This solidarity statement signed by 45 different organizations across the world was delivered during the program of the ‘Eydow Tu Pakigsantuya Tu Tumindok Kane’t Caraga’, the day of struggle of the Indigenous Peoples of Caraga in reclaiming the ancestral lands of the indigenous Lumad back from the Philippine military in Surigao del Sur province. It also coincided with the first commemoration of the massacre of their Lumad leaders and school director last first of September.
A full year bereft of home, land, and justice. Such is the harrowing experience of the indigenous Lumad people in the province of Surigao del Sur, situated on the northeastern section of Mindanao region in the Philippines. Today, the prospect of their return to their ancestral lands may finally come to fruition.
Back in the first of September, 2015, over 3,000 Lumad were forcibly evacuated from the towns of Lianga, San Agustin, Marihatag, San Miguel, and Tago situated in the Andap Valley Complex, a land corridor highly mineralized with coal, gold, and copper. The Lumads’ exodus was triggered when Lumad school director Emerito Samarca and Lumad leaders Dionel Campos and Datu Juvello Sinzo were massacred by the Magahat-Bagani Force, a paramilitary group attached to the 75th Infantry Battalion of the Philippine Army.
Military and paramilitary forces continue to violently repress grassroots communities that oppose extractive projects. The Lumad of Surigao del Sur face increasing militarization for standing up against attempts of coal mining companies to encroach into their lands. Coal mine interests cover at least 58,000 hectares in their entire region of CARAGA—the largest coal reserve in the country.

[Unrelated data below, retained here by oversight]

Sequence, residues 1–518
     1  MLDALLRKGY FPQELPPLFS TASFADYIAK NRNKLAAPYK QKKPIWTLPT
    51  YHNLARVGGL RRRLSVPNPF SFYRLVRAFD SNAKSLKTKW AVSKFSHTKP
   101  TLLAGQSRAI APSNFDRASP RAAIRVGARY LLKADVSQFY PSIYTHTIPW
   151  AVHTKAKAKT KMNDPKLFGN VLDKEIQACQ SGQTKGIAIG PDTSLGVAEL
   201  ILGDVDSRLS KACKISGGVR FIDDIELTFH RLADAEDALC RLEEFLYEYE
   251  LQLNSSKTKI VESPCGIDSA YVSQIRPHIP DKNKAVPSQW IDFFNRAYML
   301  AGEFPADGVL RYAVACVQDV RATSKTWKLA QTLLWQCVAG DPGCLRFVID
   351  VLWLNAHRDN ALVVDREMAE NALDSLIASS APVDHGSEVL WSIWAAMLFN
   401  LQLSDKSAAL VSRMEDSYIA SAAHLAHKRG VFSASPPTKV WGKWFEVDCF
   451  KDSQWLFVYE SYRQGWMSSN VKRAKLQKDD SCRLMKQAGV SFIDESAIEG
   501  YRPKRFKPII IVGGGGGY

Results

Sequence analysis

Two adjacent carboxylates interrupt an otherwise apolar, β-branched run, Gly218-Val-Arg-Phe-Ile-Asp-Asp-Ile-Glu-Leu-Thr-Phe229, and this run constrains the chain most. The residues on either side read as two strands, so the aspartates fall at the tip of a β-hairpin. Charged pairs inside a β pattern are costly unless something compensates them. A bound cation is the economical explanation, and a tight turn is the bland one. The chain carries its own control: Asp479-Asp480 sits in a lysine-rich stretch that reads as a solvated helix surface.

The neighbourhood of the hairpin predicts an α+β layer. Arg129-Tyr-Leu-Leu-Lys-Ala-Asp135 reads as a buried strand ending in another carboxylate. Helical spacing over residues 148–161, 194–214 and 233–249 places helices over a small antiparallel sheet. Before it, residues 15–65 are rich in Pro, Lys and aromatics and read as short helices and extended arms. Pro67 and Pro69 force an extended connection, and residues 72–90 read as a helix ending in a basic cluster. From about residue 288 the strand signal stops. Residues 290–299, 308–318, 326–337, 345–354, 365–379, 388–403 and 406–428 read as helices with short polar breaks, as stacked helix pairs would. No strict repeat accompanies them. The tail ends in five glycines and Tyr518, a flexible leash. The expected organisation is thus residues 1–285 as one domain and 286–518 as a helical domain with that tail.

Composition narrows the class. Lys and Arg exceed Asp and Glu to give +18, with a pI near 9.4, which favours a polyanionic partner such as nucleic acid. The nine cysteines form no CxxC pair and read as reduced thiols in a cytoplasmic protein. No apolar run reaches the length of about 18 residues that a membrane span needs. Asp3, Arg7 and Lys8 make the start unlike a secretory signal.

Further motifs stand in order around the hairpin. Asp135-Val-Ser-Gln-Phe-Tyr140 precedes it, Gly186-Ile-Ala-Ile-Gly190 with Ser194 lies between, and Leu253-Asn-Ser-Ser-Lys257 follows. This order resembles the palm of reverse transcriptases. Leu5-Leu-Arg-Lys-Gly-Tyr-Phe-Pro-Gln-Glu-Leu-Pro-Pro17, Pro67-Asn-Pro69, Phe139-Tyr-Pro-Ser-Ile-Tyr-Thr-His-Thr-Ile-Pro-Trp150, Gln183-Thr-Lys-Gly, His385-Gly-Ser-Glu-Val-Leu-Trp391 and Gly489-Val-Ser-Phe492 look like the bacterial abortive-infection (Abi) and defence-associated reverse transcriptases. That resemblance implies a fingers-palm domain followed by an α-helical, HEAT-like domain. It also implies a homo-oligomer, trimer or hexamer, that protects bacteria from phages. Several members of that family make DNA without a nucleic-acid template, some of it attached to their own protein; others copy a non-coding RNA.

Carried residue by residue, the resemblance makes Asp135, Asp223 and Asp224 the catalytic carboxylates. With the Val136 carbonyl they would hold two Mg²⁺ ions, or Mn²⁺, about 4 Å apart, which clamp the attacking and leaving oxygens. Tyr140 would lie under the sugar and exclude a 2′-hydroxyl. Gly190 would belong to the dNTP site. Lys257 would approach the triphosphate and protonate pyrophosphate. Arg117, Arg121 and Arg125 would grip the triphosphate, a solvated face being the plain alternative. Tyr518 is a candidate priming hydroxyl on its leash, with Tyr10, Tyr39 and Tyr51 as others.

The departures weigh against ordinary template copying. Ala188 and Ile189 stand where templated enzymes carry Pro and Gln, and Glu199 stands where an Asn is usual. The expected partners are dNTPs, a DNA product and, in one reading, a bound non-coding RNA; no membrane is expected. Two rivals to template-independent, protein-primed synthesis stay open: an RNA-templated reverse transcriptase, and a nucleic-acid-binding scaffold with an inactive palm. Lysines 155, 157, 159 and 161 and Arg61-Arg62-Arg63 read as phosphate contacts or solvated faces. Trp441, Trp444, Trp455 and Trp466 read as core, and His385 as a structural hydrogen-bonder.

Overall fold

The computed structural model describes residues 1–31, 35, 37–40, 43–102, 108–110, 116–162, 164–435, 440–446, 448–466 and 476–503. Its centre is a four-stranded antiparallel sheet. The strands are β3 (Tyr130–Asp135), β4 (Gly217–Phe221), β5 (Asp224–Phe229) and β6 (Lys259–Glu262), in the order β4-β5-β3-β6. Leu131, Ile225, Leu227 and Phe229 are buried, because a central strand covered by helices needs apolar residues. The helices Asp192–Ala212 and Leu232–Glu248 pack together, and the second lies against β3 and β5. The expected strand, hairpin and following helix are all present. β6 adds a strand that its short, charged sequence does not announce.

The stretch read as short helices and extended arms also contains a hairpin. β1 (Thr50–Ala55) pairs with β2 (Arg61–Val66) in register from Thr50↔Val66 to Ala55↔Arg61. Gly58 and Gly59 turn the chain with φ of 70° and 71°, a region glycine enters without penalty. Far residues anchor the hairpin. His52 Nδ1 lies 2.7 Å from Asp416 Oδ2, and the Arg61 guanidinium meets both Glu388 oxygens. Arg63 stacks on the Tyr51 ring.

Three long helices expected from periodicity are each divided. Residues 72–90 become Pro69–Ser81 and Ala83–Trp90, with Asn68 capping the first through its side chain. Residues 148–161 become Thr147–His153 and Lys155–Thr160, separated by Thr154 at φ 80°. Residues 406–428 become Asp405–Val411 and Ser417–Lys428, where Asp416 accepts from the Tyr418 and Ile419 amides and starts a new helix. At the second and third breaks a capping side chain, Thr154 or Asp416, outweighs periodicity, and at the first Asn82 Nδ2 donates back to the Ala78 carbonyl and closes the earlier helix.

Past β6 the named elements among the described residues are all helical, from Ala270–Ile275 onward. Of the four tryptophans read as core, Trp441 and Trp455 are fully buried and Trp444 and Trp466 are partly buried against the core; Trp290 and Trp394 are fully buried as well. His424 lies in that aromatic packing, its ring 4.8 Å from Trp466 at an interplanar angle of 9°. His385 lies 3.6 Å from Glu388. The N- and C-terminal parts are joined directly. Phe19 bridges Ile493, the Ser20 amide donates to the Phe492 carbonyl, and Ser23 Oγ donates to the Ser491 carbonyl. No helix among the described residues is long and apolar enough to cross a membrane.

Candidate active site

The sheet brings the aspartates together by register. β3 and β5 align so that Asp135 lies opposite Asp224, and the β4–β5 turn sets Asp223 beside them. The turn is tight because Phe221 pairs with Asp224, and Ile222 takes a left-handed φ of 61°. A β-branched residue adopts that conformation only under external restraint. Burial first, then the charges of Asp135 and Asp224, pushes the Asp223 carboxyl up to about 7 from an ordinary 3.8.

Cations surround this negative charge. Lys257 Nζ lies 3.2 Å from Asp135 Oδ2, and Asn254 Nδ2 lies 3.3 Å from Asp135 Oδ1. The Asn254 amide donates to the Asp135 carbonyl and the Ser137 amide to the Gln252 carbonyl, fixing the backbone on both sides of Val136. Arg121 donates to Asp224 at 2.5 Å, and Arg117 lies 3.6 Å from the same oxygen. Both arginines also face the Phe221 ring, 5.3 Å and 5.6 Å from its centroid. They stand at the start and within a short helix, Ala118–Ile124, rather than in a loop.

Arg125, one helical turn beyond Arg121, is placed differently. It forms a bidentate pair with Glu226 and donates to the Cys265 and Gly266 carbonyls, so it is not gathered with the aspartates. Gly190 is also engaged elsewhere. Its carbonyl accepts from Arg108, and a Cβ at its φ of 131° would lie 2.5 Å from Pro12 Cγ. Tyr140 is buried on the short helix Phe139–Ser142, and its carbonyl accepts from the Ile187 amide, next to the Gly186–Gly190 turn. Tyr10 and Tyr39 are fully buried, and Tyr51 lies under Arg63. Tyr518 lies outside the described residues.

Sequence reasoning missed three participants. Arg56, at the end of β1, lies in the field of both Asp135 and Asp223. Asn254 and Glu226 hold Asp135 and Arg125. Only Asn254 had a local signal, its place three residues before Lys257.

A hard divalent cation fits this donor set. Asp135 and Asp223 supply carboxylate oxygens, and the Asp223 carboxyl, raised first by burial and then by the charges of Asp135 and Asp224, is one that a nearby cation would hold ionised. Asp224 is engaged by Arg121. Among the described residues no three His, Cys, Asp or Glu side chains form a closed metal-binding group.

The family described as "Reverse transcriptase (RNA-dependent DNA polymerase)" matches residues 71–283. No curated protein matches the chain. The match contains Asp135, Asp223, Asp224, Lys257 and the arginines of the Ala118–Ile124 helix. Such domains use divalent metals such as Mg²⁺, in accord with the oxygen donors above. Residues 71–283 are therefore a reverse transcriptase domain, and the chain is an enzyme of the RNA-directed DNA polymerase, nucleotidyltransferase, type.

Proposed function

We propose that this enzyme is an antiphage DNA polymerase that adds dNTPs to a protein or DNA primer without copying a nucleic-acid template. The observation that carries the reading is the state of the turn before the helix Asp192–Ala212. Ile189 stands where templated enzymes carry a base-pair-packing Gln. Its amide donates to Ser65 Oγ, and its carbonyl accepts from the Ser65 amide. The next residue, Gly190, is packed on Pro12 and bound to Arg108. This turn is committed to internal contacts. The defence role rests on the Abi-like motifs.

The military has justified its unabated militarization of Lumad lands as part of its counter-insurgency campaign against the civil war waged by the Communist Party of the Philippines and its armed and political wings, the New People’s Army and the National Democratic Front of the Philippines (CPP-NPA-NDFP). This mandate is used to secure so-called vital installations and other flagship projects of government and corporations such as big mines, plantations, mega dams, and other big foreign business interests in the countryside.
The increasing military presence in communities have intensified human rights violations to frontline defenders. Of all political killings inflicted to environmental activists in the Philippines recorded since 2001, 52.1 percent is suspected to involve military forces. . Killings recorded in the Mindanao region alone account for 53.1 percent of the total, and a staggering 77.1 percent are involved in mining issues.
Previous administrations failed to realize the futility of the ‘militarist solution’ to end the people’s resistances and the armed revolutionary movement. So long as big business interests are systematically inflicting injustices upon the Lumad and other grassroots communities, the people will rise up against corporations and their lackeys in government, even amidst impunity.
After a year of remaining in an evacuation camp in the provincial capitol of Tandag, the defiance of the Lumad and the broad national and international solidarity that it has garnered has finally been heard by the new Duterte administration.
With the historic resumption of the peace talks between the Government of the Republic of the Philippines and the CPP-NPA-NDFP focusing on addressing the historic social injustices that give rhyme and reason to revolution, both sides have already declared a ceasefire and have drawn an accelerated timeline in forging agreements on meaningful social, economic, and political reforms. Both the Duterte administration and the CPP-NPA-NDFP also share a common stand against environmentally destructive projects.